COOPERATOREVENTS SOUTH FLORIDA EXPO. DEC 8TH, 2022 . BROWARD COUNTY CONVENTION CENTER. REGISTER NOW!

Q&A: Seasonal Residents on Board

Q&A: Seasonal Residents on Board

Q. We are a co-op resident–owned park, with a board consisting of seven members. Our problem is that six out of those seven board members are seasonal residents, which leaves just one board member on-site for part of the year. While the rest are gone, the park still functions 24/7, and many decisions must be made during this time. I attended a Community Associations Institute (CAI) Q&A session and was informed that we could not communicate by mass email to make board decisions. So I have two related questions: 1) Can we use personal email to vote on an issue if we just send them to maybe two board members at a time? And 2) What can we do that will allow our board to make decisions while the majority of the board is seasonal?

—Part-Time Problems

A. “On the first question: Because many owners of homes in the state of Florida often retain ownership of their home up north and continue to reside there for much of the year, Florida boards of directors oftentimes find themselves without the ability to meet as a group and discuss the problems facing their community,” says attorney Eric Glazer of the firm Glazer & Sachs in Fort Lauderdale. “As the use of email has exploded over the years, board members want the ability to at least communicate with each other by email, and perhaps even vote on issues by email. 

“The law now allows directors to communicate by email but they still cannot vote by email. A vote on a matter must occur at a properly noticed meeting. The cooperative statute also specifically states: ‘Directors may not vote by proxy or by secret ballot at board meetings, except that officers may be elected by secret ballot. A vote or abstention for each member present shall be recorded in the minutes.’ It is clear from this provision that voting is to occur ‘at board meetings’ and not through any other means. In fact, the vote at the meeting is to be recorded in the minutes.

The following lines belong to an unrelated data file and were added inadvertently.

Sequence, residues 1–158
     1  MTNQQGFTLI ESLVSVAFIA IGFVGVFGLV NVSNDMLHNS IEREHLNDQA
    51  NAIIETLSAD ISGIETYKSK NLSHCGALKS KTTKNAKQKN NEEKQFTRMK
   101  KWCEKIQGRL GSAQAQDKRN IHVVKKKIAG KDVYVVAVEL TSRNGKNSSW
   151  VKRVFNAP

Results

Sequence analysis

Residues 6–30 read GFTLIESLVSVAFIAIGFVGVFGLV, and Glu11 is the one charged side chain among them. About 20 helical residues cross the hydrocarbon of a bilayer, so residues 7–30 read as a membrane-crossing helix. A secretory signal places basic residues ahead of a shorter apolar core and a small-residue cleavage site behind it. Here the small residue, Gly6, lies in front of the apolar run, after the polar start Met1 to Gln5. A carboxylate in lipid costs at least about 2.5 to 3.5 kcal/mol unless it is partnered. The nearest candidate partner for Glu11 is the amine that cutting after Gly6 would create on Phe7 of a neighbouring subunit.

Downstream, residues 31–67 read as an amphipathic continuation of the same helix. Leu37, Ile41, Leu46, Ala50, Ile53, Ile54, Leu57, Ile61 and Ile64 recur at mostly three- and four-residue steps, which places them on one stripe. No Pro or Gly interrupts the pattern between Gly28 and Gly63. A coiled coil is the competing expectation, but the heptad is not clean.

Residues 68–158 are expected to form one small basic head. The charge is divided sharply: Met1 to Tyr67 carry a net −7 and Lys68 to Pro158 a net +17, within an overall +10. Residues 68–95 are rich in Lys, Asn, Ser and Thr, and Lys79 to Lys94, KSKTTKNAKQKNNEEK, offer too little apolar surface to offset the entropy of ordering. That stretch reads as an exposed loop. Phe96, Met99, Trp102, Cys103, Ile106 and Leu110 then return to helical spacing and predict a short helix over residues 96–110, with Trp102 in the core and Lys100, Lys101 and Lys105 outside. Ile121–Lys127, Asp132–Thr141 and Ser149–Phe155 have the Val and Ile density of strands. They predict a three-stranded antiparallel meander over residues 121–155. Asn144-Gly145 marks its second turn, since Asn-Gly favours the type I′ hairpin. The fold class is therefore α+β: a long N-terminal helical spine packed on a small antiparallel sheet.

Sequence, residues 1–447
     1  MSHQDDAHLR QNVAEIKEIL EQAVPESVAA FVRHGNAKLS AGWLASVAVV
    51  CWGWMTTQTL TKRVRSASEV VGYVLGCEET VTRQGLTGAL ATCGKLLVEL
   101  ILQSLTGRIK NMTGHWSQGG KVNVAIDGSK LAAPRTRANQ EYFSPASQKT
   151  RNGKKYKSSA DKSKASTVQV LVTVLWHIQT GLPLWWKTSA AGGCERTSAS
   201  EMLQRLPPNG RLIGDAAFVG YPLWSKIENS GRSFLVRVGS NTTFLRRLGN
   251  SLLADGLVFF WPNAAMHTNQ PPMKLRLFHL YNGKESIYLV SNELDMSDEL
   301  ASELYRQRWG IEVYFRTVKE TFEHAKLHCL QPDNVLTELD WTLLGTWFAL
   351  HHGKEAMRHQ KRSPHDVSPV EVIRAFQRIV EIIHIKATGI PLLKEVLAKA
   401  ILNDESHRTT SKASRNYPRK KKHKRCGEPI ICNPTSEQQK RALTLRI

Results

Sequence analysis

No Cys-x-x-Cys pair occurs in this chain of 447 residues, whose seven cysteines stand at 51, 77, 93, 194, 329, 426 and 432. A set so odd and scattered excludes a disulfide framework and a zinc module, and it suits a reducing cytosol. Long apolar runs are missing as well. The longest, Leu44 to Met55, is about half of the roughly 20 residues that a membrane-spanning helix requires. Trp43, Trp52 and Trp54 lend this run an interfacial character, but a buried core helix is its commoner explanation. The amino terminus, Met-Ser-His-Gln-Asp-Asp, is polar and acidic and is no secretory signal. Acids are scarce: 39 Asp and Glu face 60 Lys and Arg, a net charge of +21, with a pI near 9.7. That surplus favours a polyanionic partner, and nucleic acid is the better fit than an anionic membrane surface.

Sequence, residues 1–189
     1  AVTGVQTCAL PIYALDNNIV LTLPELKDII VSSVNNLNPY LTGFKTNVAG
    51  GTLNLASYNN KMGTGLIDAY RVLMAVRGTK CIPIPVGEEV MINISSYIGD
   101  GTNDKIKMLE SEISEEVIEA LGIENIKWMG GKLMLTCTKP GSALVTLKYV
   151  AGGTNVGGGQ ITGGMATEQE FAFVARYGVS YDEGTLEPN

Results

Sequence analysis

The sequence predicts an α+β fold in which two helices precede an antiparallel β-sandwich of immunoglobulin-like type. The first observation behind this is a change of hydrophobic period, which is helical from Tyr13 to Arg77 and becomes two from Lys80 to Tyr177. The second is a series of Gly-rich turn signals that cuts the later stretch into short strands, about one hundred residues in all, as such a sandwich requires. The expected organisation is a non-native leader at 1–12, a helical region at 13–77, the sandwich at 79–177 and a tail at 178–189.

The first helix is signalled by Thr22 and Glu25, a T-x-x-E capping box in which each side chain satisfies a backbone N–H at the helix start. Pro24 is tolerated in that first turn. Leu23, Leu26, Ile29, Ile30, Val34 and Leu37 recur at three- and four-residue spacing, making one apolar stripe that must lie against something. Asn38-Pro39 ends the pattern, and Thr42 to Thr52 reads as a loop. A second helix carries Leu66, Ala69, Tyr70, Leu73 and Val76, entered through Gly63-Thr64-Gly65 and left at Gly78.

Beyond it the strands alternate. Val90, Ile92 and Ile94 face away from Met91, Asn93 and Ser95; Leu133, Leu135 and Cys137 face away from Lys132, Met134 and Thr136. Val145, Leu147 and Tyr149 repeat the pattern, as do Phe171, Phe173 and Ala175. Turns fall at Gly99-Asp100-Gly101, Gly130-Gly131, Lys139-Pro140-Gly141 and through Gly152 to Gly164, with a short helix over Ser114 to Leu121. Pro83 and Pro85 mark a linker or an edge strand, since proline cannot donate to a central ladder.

“For the second question, living away from the community is no longer an excuse for failing to attend board meetings if you are a board member. The cooperative statute states: ‘When some or all of the board or committee members meet by telephone conference, those board or committee members attending by telephone conference may be counted toward obtaining a quorum and may vote by telephone. A telephone speaker shall be utilized so that the conversation of those board or committee members attending by telephone may be heard by the board or committee members attending in person, as well as by unit owners present at a meeting.’

“So, as long as the board member lives in a place that has access to a telephone, or has cell phone service, that board member can call in to the board meeting in Florida and vote on any pending matters. As you can see, however, the association must set up a speakerphone system.

“As long as we’re on the subject of emails, board members should be aware of two things: First, arbitration decisions have held that emails by and between board members are not ‘official records’ of the association that are obtainable by unit owners, unless the email winds up on a computer or account owned by the association. That does not mean, however, that an email by and between two [or more] board members cannot be subject to a subpoena in a court case. So board members should always take caution when sending an email that even though you believe it to be ‘private,’ it is possible that it will be passed around by jurors or seen by a judge one day. Take caution and don’t write anything in an email that may embarrass you later.

“Second, there is a recent arbitration case involving a condominium wherein the statute allows access to records if the owner makes a ‘written’ request for access. The unit owner sent an email instead. The manager at first acted on the email by responding to it and promising to allow access to the records. When the manager did not allow that access, the owner filed an arbitration action against the association. The defense was that the records request was not made in ‘writing’ but instead by an email. The arbitrator rejected the defense, holding that once the manager treated the email as a writing, he was required to comply with the statute and allow the unit owner access to the records.” 

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